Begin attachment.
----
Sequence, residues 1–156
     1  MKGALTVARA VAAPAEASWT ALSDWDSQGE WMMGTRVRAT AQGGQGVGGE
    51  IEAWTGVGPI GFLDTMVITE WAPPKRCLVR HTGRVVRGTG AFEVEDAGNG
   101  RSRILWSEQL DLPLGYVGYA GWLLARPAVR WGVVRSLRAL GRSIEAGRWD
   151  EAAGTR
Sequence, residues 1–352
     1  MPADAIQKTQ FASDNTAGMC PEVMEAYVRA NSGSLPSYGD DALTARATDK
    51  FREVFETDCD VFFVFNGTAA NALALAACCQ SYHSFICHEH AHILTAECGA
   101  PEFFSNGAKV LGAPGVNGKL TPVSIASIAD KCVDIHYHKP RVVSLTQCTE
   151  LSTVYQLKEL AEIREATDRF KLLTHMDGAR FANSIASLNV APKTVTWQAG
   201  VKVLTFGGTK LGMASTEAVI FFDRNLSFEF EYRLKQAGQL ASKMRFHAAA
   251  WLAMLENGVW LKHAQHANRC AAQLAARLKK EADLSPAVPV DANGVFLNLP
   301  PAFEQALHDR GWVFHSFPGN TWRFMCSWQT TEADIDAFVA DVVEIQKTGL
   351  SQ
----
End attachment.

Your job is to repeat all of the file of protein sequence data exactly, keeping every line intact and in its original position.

Sequence, residues 1–156
     1  MKGALTVARA VAAPAEASWT ALSDWDSQGE WMMGTRVRAT AQGGQGVGGE
    51  IEAWTGVGPI GFLDTMVITE WAPPKRCLVR HTGRVVRGTG AFEVEDAGNG
   101  RSRILWSEQL DLPLGYVGYA GWLLARPAVR WGVVRSLRAL GRSIEAGRWD
   151  EAAGTR
Sequence, residues 1–352
     1  MPADAIQKTQ FASDNTAGMC PEVMEAYVRA NSGSLPSYGD DALTARATDK
    51  FREVFETDCD VFFVFNGTAA NALALAACCQ SYHSFICHEH AHILTAECGA
   101  PEFFSNGAKV LGAPGVNGKL TPVSIASIAD KCVDIHYHKP RVVSLTQCTE
   151  LSTVYQLKEL AEIREATDRF KLLTHMDGAR FANSIASLNV APKTVTWQAG
   201  VKVLTFGGTK LGMASTEAVI FFDRNLSFEF EYRLKQAGQL ASKMRFHAAA
   251  WLAMLENGVW LKHAQHANRC AAQLAARLKK EADLSPAVPV DANGVFLNLP
   301  PAFEQALHDR GWVFHSFPGN TWRFMCSWQT TEADIDAFVA DVVEIQKTGL
   351  SQ